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Is there a way to determine if an application is 32-bit or 64-bit?

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Is there a way to determine if an application is 32-bit or 64-bit? To be more specific, I want to be able to determine if a 32-bit application is being emulated under WOW64. I'm trying to use the Call Library Function and selecting IsWOW64Process from the Kernel32.dll, but I can't seem to get it to work. I think I may be setting it up wrong. I'm using a constructor node and invoke node for Process and after calling GetProcesses in the invoke node I'm sending that into a For Loop to inspect each process seperately. Inside the For Loop is where I'm trying to use the Call Library Function. From what I've read IsWOW64Process has a Handle as an input and a pointer to a boolean as an output. I may be incorrect in this as I've seen multiple varieties of this call on the internet. I've tried setting this up but I can't seem to get it to work. I'm looking for help on how to correctly use the Call Library Function or if anyone knows a better way to do this I'm open to suggestions. Thank you for any help. 

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Message 1 of 16

The examples you saw were probable .NET examples that used the kernel32 DLL as an unmanaged call. I'm not quite sure if the same thing will work in LabVIEW. What does your code look like? Can you post it.


Also, be aware that IsWOW64 will not tell you if an application is 32-bit or 64-bit. It only tells you if it's running in emulation mode. A 32-bit app running on a 32-bit OS will tell you False, just like a 64-bit app running on a 64-bit OS.

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Message 2 of 16

Yes, I'm aware. That's all I really need to know. I should have phrased the question better. All I need is to determine is if the application is being emulated on a 64-bit OS. This code will only ever be run on a 64-bit machine. I only need the True or False output for a Case Structure that will determine what to do next in the software. I'll try and get the code posted, but its just a simple .NET setup with a constructor node, invoke node, and property nodes. You are also correct smercurio_fc, I have been looking at the .NET examples. I've run out of ideas on where to look so I went to the source, the MSDN Library.

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Message 3 of 16


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Message 4 of 16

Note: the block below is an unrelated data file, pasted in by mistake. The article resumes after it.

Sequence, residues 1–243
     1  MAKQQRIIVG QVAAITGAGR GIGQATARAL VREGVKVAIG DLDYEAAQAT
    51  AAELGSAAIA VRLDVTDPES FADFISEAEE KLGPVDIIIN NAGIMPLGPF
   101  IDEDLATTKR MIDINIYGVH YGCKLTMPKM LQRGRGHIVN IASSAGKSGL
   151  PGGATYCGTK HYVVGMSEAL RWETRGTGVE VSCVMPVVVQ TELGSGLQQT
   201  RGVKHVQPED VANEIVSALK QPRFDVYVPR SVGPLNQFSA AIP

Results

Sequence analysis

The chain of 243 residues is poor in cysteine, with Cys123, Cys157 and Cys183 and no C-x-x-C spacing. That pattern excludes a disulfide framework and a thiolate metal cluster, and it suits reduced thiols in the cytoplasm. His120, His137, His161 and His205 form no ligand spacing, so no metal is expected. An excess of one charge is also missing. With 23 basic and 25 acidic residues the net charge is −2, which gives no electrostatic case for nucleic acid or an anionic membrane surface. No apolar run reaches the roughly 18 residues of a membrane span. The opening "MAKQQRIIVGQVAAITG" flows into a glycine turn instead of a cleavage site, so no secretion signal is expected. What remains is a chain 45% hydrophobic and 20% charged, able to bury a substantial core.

Hi klynn,


I've got a link you might want to check out to make sure that your call function is correct.


I would also recommend that you check out DLL.VI example in example finder.


Example Finder > Communicating with External Applications > Using External Code> Integrating DLLs > Call


Hope this helps,


Josh L.



Applications Engineer
National Instruments
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Message 5 of 16
Accepted by topic author klynn

Thank you for the advice Josh. The link you sent me was actually where I got the idea for what I'm trying to do. I figured out how to determine if an application is being emulated this morning after some more research and trial and error. I ended up figuring it out on my own, but I do appreciate everyone that tried to help.

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Message 6 of 16

Is there a Way to use it in Labview 2014?


I still can't get it done.

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Message 7 of 16

Hey NoName,


Are you just trying to determine if the application is running 32 bit or 64 bit LabVIEW? If so, see this link. 


How to Programmatically Determine if a VI is Running on 32-bit or 64-bit LabVIEW


If not, could you give me some information on what it is you're trying to do?

Eden K
Applications Engineer
Message 8 of 16

Not really,


I don't want to check if a VI is 32 or 64 Bit. I want to check if a process on the PC is 32 or 64 Bit.


I use the "GetProcessByName" to get (for example) "firefox.exe" and now I want to know if Firefox is a 32 or 64 Bit program.

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Message 9 of 16

 Hey NoName1771,


Can you give a little more information about what isn't working in LabVIEW 2014? Are you gettitng a specific error code? Have you tried running the above snippet, or some version of a VI that calls the IsWOW64Process function?


I assume you are trying to do this all programmatically. If you aren't trying to determine it at runtime, you can look in tehe Process explorer, referenced here:


Hope this helps!


Austin H.
Applications Engineering
National Instruments
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Message 10 of 16